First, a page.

What do you hope readers will get out of your book?
One of the most interesting things about putting my debut novel out into the world is getting used to the fact that this book no longer belongs to me, it no longer exists only in my own head. I’m honestly kind of loving the freedom of letting this book go. It feels like I’m sending my kid off to college, shoving it out the door, telling it to spread its wings and fly.
The Witch Haven is a book about grief and found family, and the question of who gets to have real power. I hope it makes readers feel less alone in the way books have always made me feel less alone. This book deals with some fairly heavy themes, but I also hope it’s fundamentally a fun book to read. There’s nothing I love more than a book I can’t put down at three in the morning, than a twist that makes me stand up from my chair in disbelief. There’s responsibility that comes with writing books for young people. I’ve tried my best to strike a balance between exploring topics that I think matter, and also providing an experience that is entertaining and heart-pounding and vivid.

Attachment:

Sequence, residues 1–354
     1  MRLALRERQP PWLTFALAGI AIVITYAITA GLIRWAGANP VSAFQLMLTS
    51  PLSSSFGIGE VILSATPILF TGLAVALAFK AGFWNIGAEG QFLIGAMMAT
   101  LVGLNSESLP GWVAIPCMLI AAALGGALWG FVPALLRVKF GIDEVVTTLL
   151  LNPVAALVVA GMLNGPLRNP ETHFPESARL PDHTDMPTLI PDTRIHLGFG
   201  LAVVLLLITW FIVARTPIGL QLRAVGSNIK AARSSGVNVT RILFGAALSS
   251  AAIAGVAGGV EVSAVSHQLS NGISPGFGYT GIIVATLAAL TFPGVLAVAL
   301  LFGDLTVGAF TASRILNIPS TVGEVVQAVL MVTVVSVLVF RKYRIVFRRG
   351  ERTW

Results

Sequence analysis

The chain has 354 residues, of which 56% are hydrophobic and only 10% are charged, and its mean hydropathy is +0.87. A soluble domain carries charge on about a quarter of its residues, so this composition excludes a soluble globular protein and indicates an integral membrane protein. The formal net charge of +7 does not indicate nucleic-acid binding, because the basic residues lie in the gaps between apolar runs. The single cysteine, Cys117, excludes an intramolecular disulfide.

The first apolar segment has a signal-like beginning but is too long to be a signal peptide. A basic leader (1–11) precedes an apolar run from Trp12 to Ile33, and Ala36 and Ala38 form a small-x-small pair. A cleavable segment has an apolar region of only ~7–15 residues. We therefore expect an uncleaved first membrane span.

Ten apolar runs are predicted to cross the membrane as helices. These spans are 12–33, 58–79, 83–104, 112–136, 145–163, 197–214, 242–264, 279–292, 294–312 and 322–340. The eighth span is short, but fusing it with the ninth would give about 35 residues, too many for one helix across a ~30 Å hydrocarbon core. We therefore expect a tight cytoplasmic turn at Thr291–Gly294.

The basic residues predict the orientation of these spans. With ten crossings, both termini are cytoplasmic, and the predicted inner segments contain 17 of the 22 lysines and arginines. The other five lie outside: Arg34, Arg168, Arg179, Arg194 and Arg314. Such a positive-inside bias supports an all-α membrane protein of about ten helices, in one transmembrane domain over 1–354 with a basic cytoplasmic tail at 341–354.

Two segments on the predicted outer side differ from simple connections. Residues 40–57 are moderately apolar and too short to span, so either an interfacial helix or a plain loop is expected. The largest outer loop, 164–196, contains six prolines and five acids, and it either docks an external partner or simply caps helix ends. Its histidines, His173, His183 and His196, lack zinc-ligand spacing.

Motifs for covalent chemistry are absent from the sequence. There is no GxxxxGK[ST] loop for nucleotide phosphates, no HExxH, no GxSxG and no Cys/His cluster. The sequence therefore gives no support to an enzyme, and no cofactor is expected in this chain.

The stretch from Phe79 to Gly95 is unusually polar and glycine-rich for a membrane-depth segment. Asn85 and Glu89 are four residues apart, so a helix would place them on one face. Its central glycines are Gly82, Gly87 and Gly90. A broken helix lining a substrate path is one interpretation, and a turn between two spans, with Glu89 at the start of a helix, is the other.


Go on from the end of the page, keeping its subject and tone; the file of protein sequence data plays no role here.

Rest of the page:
If you could share one piece of advice with other authors, what would it be?
I think a lot about Ira Glass’s quote about being a creative person. ““Nobody tells this to people who are beginners, I wish someone told me. All of us who do creative work, we get into it because we have good taste. But there is this gap. For the first couple years you make stuff, it's just not that good.” I began writing because I loved books, but the first few years were intensely frustrating. I knew enough about good writing to know my writing wasn’t it. Pushing through that stage of hating your own work, of being frustrated because you know it isn’t good enough yet, is the hardest part of being a creative person. It’s okay to be bad. I wrote a lot of unreadable work before I wrote anything worth reading, but it wasn’t wasted time, it was just part of the process of creation. The ability to be self-critical is what allows for improvement, even though it really sucks when your inner critic knows just how significantly you’re falling short of your vision. So my advice is to push past the messy frustrating beginning, to get comfortable with writing stuff you don’t think is all that good. The magic comes when you keep going.